Ashland Bubbly Event Raises Money For Local Film Festival


Most West Coast film festivals have had a tough few years. Between a smoky sky and a pandemic, few of them have been able to host many live screenings or do much to support their sponsors and filmmakers.

A summer garden party, at a private donor, succeeded in raising “around $ 4000, which is a good contribution to AIFF [Ashland Independent Film Festival]According to the group’s new executive director, Phil Busse. The event was attended by a small group of 30 guests. He adds that “the event was also a wonderful opportunity to put the organization in touch with supporters, many of whom have provided additional donations and pledges.”

The event presented eight sparkling wines and champagnes. Some were made by local producers, who hosted a tasting, and others were chosen by local restaurateurs and wine buyers: which was a really fun format that allowed for a lot of opinions and styles of wines. different. They were accompanied by many local delicacies: from fresh salmon to white cheese and gouda. Lunch was hosted in a lush garden by one of the film festival patrons.

The range of wines

Although I tasted dozens of sparkling wines and champagnes, this selection was suddenly fun as it featured everything from local sparkling wines from Rogue Valley Oregon to Spanish cavas and serious Champagnes. He even featured sparkling wines produced by a local French winemaker under his own label in the southern Oregon vineyards where he works as a winemaker for a fairly large wine label.

Jean-Michel Jussiaume has been the winemaker at Del Rio Vineyards in southern Oregon for over a decade. Coming from a wine-growing family in the Loire Valley, he has been running his own wine label since 2015. His Jussiaume House The 2017 Blanc de Blancs, made from 100% Chardonnay, was delicious and only 700 bottles were produced. It really has a French character as it only contains 12.5% ​​alcohol by volume, so the fruit – and not the heat caused by the alcohol – really shines.

The presenters included Steve Grande of Wooldridge Creek, a southern Oregon vineyard that is one of the few in the region to create a local sparkling wine. He makes both a Blanc de Blancs and a sparkling ros̩ which is a blend of Tempranillo, Syrah and Zinfandel Рan unusual blend Рwhich smells of raspberry and cherry.

Corrie Reimer from Hither Market, an Ashland restaurant popular for their fried chicken, presented an Italian and Spanish sparkling wine she was a fan of. Italian Alice Tajad’s vineyard Frizzante was inviting to yeast. Wine buyer Bruce Crowell, for the noted market, the Ashland Food Coop, presented a delicious duo of Champagne and French Crémant.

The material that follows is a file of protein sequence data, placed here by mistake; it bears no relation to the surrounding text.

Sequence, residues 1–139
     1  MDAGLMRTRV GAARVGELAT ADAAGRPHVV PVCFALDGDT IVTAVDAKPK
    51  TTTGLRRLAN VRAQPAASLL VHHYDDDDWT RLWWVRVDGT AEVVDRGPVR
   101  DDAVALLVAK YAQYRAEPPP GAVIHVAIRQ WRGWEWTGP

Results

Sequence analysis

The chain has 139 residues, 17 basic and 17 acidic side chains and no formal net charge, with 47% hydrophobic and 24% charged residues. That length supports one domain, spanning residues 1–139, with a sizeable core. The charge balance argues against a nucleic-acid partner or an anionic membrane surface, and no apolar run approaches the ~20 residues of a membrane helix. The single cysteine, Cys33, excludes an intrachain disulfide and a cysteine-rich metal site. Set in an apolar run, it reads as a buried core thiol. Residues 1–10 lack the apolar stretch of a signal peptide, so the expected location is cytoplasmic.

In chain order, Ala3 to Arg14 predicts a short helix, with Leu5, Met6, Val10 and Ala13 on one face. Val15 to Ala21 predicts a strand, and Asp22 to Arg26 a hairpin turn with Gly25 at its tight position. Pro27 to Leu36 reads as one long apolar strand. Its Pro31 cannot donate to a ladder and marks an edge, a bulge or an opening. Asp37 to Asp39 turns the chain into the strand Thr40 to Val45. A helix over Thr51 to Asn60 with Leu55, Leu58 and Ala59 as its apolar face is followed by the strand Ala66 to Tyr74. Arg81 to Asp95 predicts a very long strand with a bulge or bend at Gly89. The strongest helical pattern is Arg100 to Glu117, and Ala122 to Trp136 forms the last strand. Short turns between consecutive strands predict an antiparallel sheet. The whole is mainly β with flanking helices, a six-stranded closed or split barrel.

Some information about the festival

The AIFF dates back two decades when the Southern Oregon Film Society was founded in 2001. The film festival’s year-round programming includes a program of screenings online and in Ashland and the surrounding area. This year, a handful of encouraging live screenings have taken place and many of the program’s major films have also been shown online, following the protocols of major film festivals around the world during the pandemic.

This wine-specific fundraiser was first organized in 2015 with a focus on Tempranillo. ” We chose Tempranillo because it’s that wonderful, big-mouthed, mellow Spanish wine that is often overlooked, ”said former AIFF President Maylee Oddo. The following years followed with a focus on Cabernet Franc and Pinot Noir, both produced in the vineyards of southern Oregon.

Oddo says what makes the benefit special is “that fun intersectionality of wine and film that’s all about curiosity, learning and experiences…. We bring local winemakers and industry insiders to share how wines are made and distributed from grape to table. In the past, she notes, notable local chefs like Josh Dorcak from MÄS, an impressive local restaurant with a flair for small plates with Japanese accents – which I have covered on several occasions – was featured.

Oddo concludes that the event typically brings in around $ 5,000 per year with “larger giveaways ranging from $ 7,500 to $ 15,000 each.” This is a fairly solid performance for a city of less than 30,000 inhabitants.


Gladys T. Hensley

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